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Burn, Baby, Burn... but don't breathe in
July 19, 2010 5:20 AM   Subscribe

Having a barbecue this summer? There are any number of safety initiatives to alert you to the dangers inherent in lighting one, but a lot less gets said about how to avoid exposing yourself to carcinogenic compounds. Help is at hand from the American Cancer Society, Younger Clearer Skin, David A. Fein MD from the Princeton Longevity Center and Boris Johnson [YouTube]. Kinda.
posted by The Ultimate Olympian (22 comments total) 1 user marked this as a favorite

 
The good news, or so I believe, is that drinking lots of beer negates all the carcinogenic compounds of barbecue.

Or so I believe.
posted by twoleftfeet at 5:42 AM on July 19, 2010 [1 favorite]


It's not the smoke. It's the doneness of the meat!

Over the 9 year period, the researchers found that people who preferred well-done meat -- whether bacon, sausage, hamburger, or steak – tended to have an increased risk of getting pancreatic cancer.

"We found that those who preferred very well-done steak were almost 60% more likely to get pancreatic cancer as those who ate steak less well-done or did not eat steak," Anderson said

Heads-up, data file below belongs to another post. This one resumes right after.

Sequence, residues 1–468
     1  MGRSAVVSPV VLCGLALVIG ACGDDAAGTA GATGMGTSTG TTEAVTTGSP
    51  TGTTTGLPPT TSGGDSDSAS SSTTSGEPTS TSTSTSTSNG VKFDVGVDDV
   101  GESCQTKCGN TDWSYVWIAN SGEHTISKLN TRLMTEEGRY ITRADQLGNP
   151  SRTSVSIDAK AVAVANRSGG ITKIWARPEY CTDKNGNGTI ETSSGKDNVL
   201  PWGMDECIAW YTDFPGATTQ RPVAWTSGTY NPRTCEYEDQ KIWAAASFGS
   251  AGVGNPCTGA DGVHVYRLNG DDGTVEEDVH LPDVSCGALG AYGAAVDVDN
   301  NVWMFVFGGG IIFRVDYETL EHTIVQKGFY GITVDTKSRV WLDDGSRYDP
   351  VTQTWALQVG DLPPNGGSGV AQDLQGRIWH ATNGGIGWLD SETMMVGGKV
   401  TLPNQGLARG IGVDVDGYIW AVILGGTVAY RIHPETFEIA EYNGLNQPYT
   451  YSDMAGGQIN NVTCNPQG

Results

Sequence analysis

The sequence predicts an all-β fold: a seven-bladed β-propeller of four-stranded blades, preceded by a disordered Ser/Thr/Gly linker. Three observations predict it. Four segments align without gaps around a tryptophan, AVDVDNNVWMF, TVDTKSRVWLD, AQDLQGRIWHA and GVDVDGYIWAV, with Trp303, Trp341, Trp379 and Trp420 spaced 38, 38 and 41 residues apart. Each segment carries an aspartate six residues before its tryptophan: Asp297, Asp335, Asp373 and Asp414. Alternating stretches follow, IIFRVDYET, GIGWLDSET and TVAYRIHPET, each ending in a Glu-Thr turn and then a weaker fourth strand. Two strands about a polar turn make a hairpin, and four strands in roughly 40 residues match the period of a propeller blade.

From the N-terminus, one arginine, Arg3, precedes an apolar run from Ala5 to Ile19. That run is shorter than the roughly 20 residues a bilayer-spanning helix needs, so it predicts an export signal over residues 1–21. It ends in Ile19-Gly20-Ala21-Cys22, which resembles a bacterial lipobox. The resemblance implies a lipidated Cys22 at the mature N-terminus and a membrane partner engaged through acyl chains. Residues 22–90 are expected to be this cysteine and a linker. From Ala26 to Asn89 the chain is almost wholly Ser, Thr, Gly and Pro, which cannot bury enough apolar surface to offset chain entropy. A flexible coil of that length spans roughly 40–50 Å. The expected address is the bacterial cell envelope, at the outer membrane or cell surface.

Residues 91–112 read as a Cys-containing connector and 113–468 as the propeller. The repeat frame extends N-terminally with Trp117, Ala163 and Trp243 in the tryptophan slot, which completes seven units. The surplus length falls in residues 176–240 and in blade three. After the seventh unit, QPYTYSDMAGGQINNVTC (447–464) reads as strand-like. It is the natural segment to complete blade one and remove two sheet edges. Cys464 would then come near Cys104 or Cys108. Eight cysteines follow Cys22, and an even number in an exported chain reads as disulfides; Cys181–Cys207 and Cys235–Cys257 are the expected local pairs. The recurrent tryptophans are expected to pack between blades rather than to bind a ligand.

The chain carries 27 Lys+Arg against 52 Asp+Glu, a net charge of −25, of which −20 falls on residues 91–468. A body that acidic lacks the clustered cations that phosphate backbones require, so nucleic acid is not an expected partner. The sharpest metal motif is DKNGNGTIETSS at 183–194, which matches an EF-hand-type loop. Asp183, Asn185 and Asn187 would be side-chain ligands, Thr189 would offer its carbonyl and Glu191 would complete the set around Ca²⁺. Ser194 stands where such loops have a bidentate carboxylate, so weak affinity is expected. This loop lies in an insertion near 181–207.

- from the American Cancer society link
posted by vacapinta at 5:42 AM on July 19, 2010 [1 favorite]


Really, the safest place is your Suburban, idling in the garage, ready to power down the driveway and over a whole heap of dogs.
posted by turgid dahlia at 5:43 AM on July 19, 2010 [3 favorites]


What the American Cancer Society do with all their time if they didn't have abuse of statistics to occupy them?

(Also, how well does meat-eating in the first place correlate with cancer? Graphs here are oldish but sobering.)
posted by DU at 5:48 AM on July 19, 2010


I like graphs that are youngish and drunk.
posted by jimmythefish at 6:06 AM on July 19, 2010 [1 favorite]


I've always wondered what the deal is with carcinogenics. It appears everything but clear water causes cancer in some way. I assume this has always been the case, but why is it such a big issue in modern times? Is it just that we live long and healthly enough that it starts to become a problem?
posted by Harry at 6:06 AM on July 19, 2010 [1 favorite]


Everything gives you cancer.